Doggies Calm the Soul


Eva Chillura, Staff Writer

The door opened to the Sweetgrass Cafe and five of the most calming, loving and furry pups came to greet the stressed AP students. Yogi the corgi flashed them a smile. Porkchop nuzzled his big hairy head into their laps.
And their stress was gone. They were on the floor, laughing and playing with the registered therapy dogs. Completely reverted back to their younger days when college credit was not the only thing swarming their minds.
AP Academy brought therapy dogs for students to hang out and destress before the long two weeks of final exams. Media specialist Erica Smith decided to expand her program “Paws for Literacy” to benefit more students especially during the busy month of May.
“The program actually stemmed out of another program I run here at Wando called ‘Paws for Therapy,’ and it basically uses the dogs to help our exceptional needs students with developing literacy and trying to learn how to read,” Smith said. “The dogs provide them with an environment that makes them happy. They want to come, and they want to read to the dogs which gives them a reason to try and work on their literacy.”
Remembering her first day at Wando, Smith saw a stressed AP student in the front office mentally breaking down and thought that she could integrate this program to help other students as well.
Smith worked with AP Academy’s Jason Brisini to provide students with the therapy dogs for exam time. They recruited volunteers to bring their registered therapy dogs to school, and ll the students had to do was sign liability waivers. On day of their exam, the 180 students that signed up could come in, relax and distract themselves from anything school related.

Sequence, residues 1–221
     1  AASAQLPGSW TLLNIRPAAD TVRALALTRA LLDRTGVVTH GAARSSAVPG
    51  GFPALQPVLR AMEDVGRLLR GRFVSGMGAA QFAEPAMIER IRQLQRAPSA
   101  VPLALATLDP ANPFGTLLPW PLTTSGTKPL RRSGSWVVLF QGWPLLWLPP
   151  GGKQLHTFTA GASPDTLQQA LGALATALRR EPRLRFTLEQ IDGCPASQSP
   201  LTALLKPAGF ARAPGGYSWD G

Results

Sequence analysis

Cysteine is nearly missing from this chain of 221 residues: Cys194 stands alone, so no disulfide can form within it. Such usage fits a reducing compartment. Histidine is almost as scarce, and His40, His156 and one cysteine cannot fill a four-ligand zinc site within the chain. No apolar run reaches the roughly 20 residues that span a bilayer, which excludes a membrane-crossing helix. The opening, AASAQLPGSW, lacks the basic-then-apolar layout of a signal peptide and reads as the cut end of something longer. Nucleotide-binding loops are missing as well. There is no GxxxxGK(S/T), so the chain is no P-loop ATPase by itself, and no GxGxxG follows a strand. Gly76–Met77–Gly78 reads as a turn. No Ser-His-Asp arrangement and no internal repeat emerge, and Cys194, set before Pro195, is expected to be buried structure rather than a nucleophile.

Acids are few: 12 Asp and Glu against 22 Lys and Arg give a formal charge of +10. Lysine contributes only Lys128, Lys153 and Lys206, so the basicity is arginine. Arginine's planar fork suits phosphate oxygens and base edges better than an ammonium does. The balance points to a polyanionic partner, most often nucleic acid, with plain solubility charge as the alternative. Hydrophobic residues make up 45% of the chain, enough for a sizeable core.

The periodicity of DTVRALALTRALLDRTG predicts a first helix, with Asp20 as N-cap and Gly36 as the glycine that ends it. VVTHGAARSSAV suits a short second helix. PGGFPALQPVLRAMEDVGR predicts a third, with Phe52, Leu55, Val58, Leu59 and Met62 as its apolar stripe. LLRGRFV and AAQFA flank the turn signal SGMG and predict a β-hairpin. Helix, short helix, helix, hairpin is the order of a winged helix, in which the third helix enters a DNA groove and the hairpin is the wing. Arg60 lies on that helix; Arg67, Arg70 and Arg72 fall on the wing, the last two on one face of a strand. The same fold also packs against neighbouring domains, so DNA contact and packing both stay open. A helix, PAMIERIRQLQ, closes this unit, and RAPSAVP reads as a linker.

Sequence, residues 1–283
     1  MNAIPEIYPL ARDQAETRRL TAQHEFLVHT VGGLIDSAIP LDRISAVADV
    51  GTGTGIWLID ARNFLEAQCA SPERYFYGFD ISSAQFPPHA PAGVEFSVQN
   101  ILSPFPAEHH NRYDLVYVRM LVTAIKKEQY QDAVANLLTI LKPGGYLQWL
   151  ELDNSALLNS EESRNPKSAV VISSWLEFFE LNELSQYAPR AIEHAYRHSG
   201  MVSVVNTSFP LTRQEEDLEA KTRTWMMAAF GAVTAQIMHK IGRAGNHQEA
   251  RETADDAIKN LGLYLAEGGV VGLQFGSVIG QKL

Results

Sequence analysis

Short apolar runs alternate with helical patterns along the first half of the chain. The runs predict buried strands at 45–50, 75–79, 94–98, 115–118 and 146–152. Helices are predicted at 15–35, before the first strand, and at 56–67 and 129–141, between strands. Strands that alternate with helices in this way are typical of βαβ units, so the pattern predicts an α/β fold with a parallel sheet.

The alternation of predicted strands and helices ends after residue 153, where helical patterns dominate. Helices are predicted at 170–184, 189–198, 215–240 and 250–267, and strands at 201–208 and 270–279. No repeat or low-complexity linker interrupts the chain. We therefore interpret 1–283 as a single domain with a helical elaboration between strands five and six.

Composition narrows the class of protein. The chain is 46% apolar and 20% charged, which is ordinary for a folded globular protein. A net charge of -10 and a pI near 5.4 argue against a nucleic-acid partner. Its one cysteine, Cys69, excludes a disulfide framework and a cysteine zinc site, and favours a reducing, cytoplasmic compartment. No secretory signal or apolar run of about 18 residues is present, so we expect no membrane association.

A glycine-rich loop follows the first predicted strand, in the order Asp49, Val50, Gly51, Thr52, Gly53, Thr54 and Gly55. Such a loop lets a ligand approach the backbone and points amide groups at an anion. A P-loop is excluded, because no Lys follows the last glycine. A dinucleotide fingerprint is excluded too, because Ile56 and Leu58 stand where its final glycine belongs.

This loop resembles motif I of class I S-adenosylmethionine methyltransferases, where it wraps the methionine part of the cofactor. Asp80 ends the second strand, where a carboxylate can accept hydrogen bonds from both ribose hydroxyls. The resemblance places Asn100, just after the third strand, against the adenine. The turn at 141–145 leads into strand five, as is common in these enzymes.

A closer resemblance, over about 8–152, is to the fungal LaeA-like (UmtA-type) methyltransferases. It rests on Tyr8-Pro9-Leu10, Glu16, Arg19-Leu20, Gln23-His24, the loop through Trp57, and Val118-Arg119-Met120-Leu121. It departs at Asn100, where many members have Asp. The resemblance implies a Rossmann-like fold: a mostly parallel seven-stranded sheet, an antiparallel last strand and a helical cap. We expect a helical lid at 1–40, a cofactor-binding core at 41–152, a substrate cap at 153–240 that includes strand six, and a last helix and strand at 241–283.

The dogs were available everyday on testing days from 7 a.m. – 8 a.m. and 11 a.m. -12 p.m. in the second floor of the Sweetgrass Cafe for the students testing on that specific day.
“I think it’s kind of a distraction from school for just a minute. Sometimes distractions are good. Not prolonged distractions but at least small ones,” Brisini said.
Smith recognized that it can be hard for dedicated students to take a step away from what they have preoccupied their minds with. For as much as students do these days, Erica said, stopping and breathing is just as important.
“Just being here. Not thinking, not studying, not doing anything related to school. They just need to be here, be like they are at home — relaxed, pet some dogs, have a good time — because when you’re as stressed out as you guys get, it’s not good because your brain will actually start shutting down the thinking process,” Smith said. “When you’re here, it just lets it go, and you’re happy and you’re feeling good, you are going to have a better test.”
Student and senior Emma Scott got to experience the dogs on the first day of exams.
“It has been so exciting. I’ve been super stressed all day and super worried just about exams this week,” Scott said as she pet Porkchop. “Just being able to come in and take my mind off everything has been super fun.”
Smith has seen this success in “Paws for Literacy,” and seeing it being applied throughout the school even for two weeks is hopeful for Smith. Both Smith and Brisini wish to eventually see therapy dogs being used on a daily basis for all students through the guidance department.
“In a perfect world, we could have them here everyday anyway, so people could visit before and after school,” Brisini said. “I think that would help out the overall happiness of the school.”
This new program for exam weeks was a success: the students cuddling and laughing with Yogi, Porkchop, Sophie, and Charlie letting all stress from there upcoming exams roll off their shoulders, Scott said.
“There is pure soul in each of these furry little bodies, and you know humans have a natural distrust of each other, I know that’s weird, but dogs don’t have that,” Smith said. “You can be completely open with a dog, and they will just look at you and smile. You can tell them the worst thing in the world, and they are still going to look at you and smile. I absolutely 100 percent believe that dogs have a different form of therapy all together than an actual person or therapist.”